Gabe Schmidt

Gabe Schmidt performing at the NEIBA jazz festival last year, where he went on to receive the Outstanding Soloist award.

Wednesday was supposed to be a sensational day filled with music for Gabe Schmidt. The Vinton-Shellsburg senior was set to represent his school and community with the All-State Jazz Band for the second year in a row, traveling to Des Moines to play with an exclusive group of Iowa’s best high school jazz musicians.

“They only accept one bass player on a blind audition,” Schmidt said. “I worked very hard last year and got accepted to play with those considered the best in the state. I made it through auditions again this year, but unfortunately it was canceled.”

COVID-19 claimed yet another event in a long line for seniors such as Schmidt, a devoted student of jazz and instrumental music at Vinton-Shellsburg. During his time as a Viking, Schmidt has been involved in four seasons of concert and marching band, playing the trombone for both ensembles.

“I always enjoyed being under the bright lights on the football field on a Friday night, knowing we had worked hard over the summer and fall for our marching show,” Schmidt said. “Home game shows were a highlight because of the energy and the vibe to it. My buddy Cyrus Elwick and I got to march on the field this year and perform a duet together on senior night. That experience really sticks out to me.”

Schmidt grew up in what he describes as a “family band.” When in elementary school, he gravitated towards a bass clef instrument in a trombone, but even earlier with the bass. His first bass had two strings on it and he was required to learn those strings before moving on to bass guitar. Years of practice would pay off early for Schmidt as he was invited to audition for the single high school jazz band as an eighth grader.

“It was definitely nerve wracking because I was going to play the upright bass,” Schmidt said. “An upright bass is acoustic, fretless and I wasn’t very familiar with it. I was playing with seniors, including my older brothers. There was a lot of expectation for me to be good because they were talented. It was a last name I had to live up to.”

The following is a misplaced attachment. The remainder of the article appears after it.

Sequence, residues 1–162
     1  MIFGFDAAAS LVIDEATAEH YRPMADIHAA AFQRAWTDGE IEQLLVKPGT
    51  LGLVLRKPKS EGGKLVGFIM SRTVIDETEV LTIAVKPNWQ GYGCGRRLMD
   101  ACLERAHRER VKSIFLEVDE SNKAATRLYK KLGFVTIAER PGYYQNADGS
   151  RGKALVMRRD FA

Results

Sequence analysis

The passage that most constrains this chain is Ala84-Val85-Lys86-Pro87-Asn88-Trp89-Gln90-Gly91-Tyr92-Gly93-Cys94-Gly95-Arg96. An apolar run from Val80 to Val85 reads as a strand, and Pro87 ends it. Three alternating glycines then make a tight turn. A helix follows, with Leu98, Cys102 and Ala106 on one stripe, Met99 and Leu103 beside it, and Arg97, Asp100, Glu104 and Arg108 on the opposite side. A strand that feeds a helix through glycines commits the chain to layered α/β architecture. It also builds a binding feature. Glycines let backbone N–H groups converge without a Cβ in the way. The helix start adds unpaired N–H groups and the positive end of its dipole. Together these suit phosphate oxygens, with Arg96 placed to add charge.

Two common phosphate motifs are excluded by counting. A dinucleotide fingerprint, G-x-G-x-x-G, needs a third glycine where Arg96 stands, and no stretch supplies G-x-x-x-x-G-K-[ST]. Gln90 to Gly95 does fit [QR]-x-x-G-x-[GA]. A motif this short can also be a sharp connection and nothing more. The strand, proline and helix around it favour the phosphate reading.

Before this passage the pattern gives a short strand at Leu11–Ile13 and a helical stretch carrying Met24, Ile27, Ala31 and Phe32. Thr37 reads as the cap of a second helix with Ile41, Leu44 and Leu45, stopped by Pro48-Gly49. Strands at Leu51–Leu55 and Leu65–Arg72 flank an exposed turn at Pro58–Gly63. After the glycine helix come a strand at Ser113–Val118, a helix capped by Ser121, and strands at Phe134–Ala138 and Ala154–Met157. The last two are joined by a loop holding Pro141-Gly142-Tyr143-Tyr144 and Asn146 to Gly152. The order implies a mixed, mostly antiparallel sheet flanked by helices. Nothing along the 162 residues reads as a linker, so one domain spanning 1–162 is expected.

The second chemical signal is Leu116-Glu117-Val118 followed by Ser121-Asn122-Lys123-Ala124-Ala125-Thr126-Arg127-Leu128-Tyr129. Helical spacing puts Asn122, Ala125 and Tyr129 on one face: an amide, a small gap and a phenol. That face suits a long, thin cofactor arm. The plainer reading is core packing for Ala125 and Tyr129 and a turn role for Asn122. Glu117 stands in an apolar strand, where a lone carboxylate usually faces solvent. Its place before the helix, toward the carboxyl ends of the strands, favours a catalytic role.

For that year, Schmidt played in both the middle school and high school ensembles, gaining valuable experience and pushing him out of his comfort zone. When the program split to two bands during his high school years, Schmidt continued to play in the auditioned Jazz I ensemble.

“Jazz for me is an opportunity to stand out as an individual player and have the ability to get creative and play off of the rest of the band’s energy,” Schmidt said. “In a concert band style setting, one is to rehearse as they perform, but the great thing about Jazz is that everytime you can play it differently.”

As a self described “fine arts student”, the senior played in all three aforementioned music groups, but also spent his free time gigging around the Cedar Rapids area with his older brothers Sam and Stephen. The three play over the weekend in cover bands StraitRun (classic rock, country) and Casting Call (pop, 80s rock). Schmidt is also separately involved in a country band called Stampede. Between the three bands, he has played at local events such as Party in the Park, the 4th of July celebration and performed at famous venues such as the Surf Ballroom in Clear Lake.

The Vinton native had shows lined up for the coming weeks with both his high school and personal bands in March when the first signs of trouble came with the coronavirus. Vinton-Shellsburg’s jazz band were rehearsing on Friday, March 13, the same day as their annual Cabaret concert. Students and teachers came in that morning believing the show was set to go on. According to Schmidt, they went 10 minutes into the rehearsal before learning the show was postponed, later to be canceled for 2020 as the school’s doors remain closed for the rest of the school year.

“Things all went downhill from there and just spiraled into a string of cancellations,” Schmidt said. “I can’t even think of when my last live performance was. A lot of preparation goes into these performances and shows. It’s hard to work on something for so long, then to see it canceled.”

But that isn’t stopping Schmidt from improving and continuing to sharpen his skills. He’s still staying motivated to practice even as his high school career is over. Next, Schmidt will take his talents to Kirkwood Community College and play bass in their jazz program. After two years in Cedar Rapids, Schmidt plans to attend the University of Northern Iowa to major in business and minor in jazz.

“My ultimate goal would be able to do music as a career,” Schmidt said. “Whether or not I’ll be able to do that, music will always be a part of my life. I think having a business degree will set myself up for jobs in different areas and provide me tools to market the bands I’m in. I think having a solid job and a career will allow you to pursue music with little risk.”

If the pandemic shutdown has taught the senior anything, it’s to appreciate being able to perform and being able to do so with friends or family. When Schmidt is next able to play a live gig, he will have a changed mindset.

“I would get burnout and not appreciate music as much as I should have,” Schmidt said. “So, this recent situation with the coronavirus has really made me appreciate what I have and I think it’ll give me a better attitude going forward. I don’t take anything for granted.”